Brand Planning

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The problem with most brands is that they are skin deep. Products and services with derma measured only in millimeters. No  depth. No real rational and emotional meaning. Why is that?  Because brand building today is too randomized. No real brand plan.  No organizing principle driving long term, meaningful KPIs.

Sales and revenue are all that matters. Sales teams are motivated by commissions. Retail buyers are motivated by bonuses. Ad agents make money off of fee hours and volume.  And media is paid by the media transaction, not the result.

It makes me think of healthcare – where docs and hospitals are compensated for helping the sick, not preserving the healthy.

Brand planners dig beneath the skin. We get down to the organs. When we organize the selling principles, it’s not a Colorforms project, based on cut-and-paste tactics and theatrics. It’s a plan to build value leveraging what a brand is good-at and what consumers care-about. A plan driven by a deeply seeded claim, one that warms the hearts of brand employees and customers.

Salespeople can “sell anything,” they will tell you. Brand planners only want to sell one thing. Tink about it, as my Norwegian Aunt would say.

Peace.

 

 

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I was reading a recipe this weekend for chick pea chili (don’t judge) and decided right off the bat I’d never make it. Not for the chick peas, not for the drive to the grocery store(s), but for the over complication of ingredients.  I favor minimalism in my cooking. It’s easier to taste a few ingredients. (Google “Fruit Cocktail Effect.”)

My framework for brand strategy reflects this sensibility: One claim, three proof planks.  That’s how you build a brand. One and three.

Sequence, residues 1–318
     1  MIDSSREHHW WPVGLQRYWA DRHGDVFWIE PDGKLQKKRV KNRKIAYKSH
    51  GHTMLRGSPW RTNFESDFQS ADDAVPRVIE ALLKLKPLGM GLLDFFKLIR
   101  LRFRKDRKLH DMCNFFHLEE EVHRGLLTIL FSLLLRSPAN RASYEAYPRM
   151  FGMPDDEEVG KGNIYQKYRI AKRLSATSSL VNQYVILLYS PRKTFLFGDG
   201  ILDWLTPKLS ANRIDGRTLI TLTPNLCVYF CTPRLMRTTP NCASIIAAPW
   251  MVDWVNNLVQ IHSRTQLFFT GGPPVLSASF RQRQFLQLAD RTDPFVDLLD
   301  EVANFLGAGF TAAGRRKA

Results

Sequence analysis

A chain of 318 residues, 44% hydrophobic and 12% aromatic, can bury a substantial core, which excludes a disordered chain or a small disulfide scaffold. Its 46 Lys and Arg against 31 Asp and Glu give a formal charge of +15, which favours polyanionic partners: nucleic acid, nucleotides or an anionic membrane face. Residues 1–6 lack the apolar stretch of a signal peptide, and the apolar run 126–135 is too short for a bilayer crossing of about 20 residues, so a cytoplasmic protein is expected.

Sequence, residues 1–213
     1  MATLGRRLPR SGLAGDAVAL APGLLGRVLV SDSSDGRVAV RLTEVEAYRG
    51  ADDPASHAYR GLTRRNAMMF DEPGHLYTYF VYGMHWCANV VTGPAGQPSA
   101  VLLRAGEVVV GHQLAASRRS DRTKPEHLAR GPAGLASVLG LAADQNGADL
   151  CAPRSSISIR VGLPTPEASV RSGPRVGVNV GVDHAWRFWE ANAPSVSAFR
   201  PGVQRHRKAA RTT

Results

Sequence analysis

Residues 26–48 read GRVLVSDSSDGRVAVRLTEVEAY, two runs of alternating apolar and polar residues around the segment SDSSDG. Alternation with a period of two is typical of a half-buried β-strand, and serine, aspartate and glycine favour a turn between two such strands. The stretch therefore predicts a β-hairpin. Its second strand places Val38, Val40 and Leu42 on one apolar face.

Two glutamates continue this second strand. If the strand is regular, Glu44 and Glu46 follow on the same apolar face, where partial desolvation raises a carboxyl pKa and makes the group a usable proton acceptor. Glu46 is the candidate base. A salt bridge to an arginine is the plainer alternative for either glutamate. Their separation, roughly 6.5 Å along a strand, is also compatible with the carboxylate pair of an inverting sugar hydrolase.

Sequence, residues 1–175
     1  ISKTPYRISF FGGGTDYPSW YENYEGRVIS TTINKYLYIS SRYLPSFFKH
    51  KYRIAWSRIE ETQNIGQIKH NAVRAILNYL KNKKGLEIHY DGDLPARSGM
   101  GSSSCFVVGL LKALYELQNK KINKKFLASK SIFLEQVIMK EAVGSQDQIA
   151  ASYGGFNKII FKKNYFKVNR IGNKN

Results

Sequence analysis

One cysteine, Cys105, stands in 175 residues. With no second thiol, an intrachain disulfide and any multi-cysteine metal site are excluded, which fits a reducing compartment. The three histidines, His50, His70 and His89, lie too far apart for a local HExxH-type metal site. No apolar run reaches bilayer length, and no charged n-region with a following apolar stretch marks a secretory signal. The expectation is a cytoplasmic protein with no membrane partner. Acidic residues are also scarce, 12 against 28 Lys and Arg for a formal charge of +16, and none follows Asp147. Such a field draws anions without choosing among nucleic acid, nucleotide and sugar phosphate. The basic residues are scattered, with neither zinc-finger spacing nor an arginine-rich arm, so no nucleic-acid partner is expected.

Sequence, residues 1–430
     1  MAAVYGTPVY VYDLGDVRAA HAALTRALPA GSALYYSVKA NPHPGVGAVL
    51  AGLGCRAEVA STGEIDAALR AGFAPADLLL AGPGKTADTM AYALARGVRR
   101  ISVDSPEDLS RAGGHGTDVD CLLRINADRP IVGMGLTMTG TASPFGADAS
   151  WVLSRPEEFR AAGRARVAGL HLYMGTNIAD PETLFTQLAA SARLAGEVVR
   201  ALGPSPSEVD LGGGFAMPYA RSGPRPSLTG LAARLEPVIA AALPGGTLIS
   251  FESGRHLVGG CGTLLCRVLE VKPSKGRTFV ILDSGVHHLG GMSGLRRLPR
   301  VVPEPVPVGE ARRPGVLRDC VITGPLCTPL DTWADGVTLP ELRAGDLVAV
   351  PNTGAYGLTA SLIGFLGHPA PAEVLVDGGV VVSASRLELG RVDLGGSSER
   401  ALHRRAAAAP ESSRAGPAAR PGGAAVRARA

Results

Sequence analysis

Getting to one and three isn’t easy though. Trust me. You have to go through hundreds of ingredients to get to the one claim and three planks. When looking for brand good-ats and customer care-abouts, you’ll find many. But when forming brand strategy, don’t just look at the most common ingredients or the most abundant; this job is all about finesse.

For you tyro brand planners out there, use your palette when considering all the ingredients, but use your heart and brain when selecting the true flavors.

Peace.   

 

 

 

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Things we remember.

We remember beauty.

We remember new.

We remember rich.

We remember melody.

We remember funny.

We remember nature.

We remember poetry.

We remember pain.

We remember educators.

We remember warmth.

We remember charity.

We remember happy.

We remember love.

We remember triumph.

These are the things we remember.

These are the things consumers remember.

(I post this brand planning “prayer” once a year…as a reminder.)

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It seems that what I do for a living as a brand planner is similar to what I’d do were I a journalist. I interview lots of people to see where it takes me before culling the information and shaping the findings into a piece of writing. In my case the writing leads to a directive for a marketing team – a boil down – in the form of a brand brief. In the case of the journalist it leads to a fluid story meant to inform, educate and, perhaps, motivate.

I suspect journalists have a direction in mind before they start, either at the behest of an editor or an expected reader interest angle. Maybe that’s where the journalist differs from the brand planner. As a brand planner I have no going-in direction. My hope it to learn at the knees of consumers and product builders and let direction emerge. If my learning suggests the builders need to make changes, I share that. If it suggests consumers need to make changes, I share that too.

The process used by journalists and the brand planners may be similar, but the outputs are way different. In both cases, outputs need to be compelling. But for brand planner the rewards are etched in the tabula much longer.

Peace.